There's not a whole lot that I can say about Richie Records that I haven't already imparted endlessly throughout the pages of TB. Winner of the coveted "Label of the Year" trophy in the editor's 2009 year-end round-up, RR//TT is one of the elite record slinging companies of this modern age. It's quite refreshing to see a label more concerned with quality over quantity in these days of endless singles clubs, collectorscum vanity pressings and assembly line-like generic release churners. Every record Richie releases is nothing but Grade A prime cut rock'n'roll. He makes 'em count. The label's diversity is also something to behold, touching base with some of my favorite genres/bands of recent vintage. Whether it's the greatest in modern pop via Home Blitz, flaming guitar blaze from Birds of Maya and crew, cutting edge punk rock from America's Greatest Band the Homostupids, home brewed Philly talents like young Kurt Vile, FNU Ronnies and Watery Love or his association with legends like Brainbombs, Kiss and Clockcleaner, there's something for everyone on the roster, and the wise man enjoys it all. Speaking of wise men, one of them once told me a label can essentially be judged by the person running it, and there are few finer human beings that I've encountered in our little underground rock "scene" than Richard Charles, a true gentleman with a ton of class. As part of Terminal Boredom's ongoing series of record label profiles, I can think of no better label that sums up all that I think is wonderful about modern music and one of the labels that keeps me interested in the game whenever I grow weary of the same old same old, if you know what I mean. Every release is something to look forward to. Richie and I chatted via the internet last month, crushed some brews long distance and he gave us some candid insight into the inner workings of the RR//TT empire. Please enjoy and be sure to check out the discography page as well.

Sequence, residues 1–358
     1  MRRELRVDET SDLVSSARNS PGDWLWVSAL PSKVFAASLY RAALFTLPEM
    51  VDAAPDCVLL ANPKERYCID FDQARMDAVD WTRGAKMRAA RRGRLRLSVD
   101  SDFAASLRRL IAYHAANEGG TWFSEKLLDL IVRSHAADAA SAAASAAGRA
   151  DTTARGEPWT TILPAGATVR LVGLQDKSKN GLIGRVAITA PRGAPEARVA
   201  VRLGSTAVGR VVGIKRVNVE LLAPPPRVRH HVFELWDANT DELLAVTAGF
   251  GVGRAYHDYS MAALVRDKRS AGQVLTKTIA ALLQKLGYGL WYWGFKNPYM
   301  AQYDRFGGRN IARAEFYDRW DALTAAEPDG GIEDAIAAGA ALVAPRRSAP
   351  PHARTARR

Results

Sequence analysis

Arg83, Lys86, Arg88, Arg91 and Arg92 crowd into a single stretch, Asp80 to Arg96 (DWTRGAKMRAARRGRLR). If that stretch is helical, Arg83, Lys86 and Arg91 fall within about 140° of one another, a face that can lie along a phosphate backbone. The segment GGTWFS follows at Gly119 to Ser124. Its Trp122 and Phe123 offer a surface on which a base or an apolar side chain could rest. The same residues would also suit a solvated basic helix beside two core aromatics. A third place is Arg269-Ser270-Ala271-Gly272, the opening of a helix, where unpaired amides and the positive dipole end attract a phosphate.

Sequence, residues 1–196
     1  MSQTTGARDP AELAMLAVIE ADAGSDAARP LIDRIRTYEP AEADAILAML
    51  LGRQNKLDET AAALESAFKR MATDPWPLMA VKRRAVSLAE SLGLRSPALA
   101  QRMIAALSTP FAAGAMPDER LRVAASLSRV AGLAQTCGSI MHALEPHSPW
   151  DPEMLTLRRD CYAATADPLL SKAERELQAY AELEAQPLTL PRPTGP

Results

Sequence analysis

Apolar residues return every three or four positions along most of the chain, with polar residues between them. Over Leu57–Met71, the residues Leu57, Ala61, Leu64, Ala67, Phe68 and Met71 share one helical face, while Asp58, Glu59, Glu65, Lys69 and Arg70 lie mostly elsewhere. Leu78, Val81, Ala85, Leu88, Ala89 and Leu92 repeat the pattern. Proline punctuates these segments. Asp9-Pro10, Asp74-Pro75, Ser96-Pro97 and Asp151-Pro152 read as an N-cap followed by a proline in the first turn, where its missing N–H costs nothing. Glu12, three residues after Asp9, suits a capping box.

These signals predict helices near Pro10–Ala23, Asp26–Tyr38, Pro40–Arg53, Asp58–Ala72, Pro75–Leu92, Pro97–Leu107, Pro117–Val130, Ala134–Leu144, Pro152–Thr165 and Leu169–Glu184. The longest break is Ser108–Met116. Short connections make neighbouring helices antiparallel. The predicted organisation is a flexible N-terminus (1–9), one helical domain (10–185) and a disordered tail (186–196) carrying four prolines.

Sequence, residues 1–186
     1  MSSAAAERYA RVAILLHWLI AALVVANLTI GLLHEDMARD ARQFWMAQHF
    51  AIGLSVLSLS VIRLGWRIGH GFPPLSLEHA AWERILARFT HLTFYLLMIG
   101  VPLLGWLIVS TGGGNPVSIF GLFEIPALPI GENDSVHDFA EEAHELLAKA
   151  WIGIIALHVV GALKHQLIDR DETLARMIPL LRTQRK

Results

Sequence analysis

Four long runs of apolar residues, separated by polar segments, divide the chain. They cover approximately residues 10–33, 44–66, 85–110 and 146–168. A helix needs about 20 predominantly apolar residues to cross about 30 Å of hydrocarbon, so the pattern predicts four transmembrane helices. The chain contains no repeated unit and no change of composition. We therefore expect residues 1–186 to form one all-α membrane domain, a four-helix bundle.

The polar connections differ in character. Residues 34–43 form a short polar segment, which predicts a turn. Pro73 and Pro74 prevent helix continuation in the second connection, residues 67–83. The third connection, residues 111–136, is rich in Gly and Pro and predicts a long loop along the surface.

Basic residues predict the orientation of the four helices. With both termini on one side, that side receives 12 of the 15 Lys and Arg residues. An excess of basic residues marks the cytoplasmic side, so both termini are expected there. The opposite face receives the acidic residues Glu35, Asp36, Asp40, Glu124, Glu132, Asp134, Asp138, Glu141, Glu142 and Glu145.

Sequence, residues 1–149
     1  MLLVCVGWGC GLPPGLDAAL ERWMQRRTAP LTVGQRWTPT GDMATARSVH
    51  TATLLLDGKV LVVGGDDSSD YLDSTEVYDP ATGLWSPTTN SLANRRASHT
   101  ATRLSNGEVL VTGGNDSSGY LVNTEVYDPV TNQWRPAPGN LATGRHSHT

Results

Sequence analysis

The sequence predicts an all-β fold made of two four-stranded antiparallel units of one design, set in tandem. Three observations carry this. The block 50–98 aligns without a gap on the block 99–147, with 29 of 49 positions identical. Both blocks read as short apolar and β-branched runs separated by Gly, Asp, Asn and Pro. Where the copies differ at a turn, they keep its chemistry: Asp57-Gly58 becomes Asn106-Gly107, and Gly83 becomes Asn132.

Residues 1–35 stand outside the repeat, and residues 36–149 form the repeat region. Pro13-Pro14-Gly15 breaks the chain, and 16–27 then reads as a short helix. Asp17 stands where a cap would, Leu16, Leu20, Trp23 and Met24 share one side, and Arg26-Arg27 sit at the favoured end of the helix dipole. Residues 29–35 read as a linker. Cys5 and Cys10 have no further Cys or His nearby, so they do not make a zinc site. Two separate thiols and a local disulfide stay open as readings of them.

TB: So, the obvious first question is, how, when and why did you decide to start Richie Records//Testostertunes?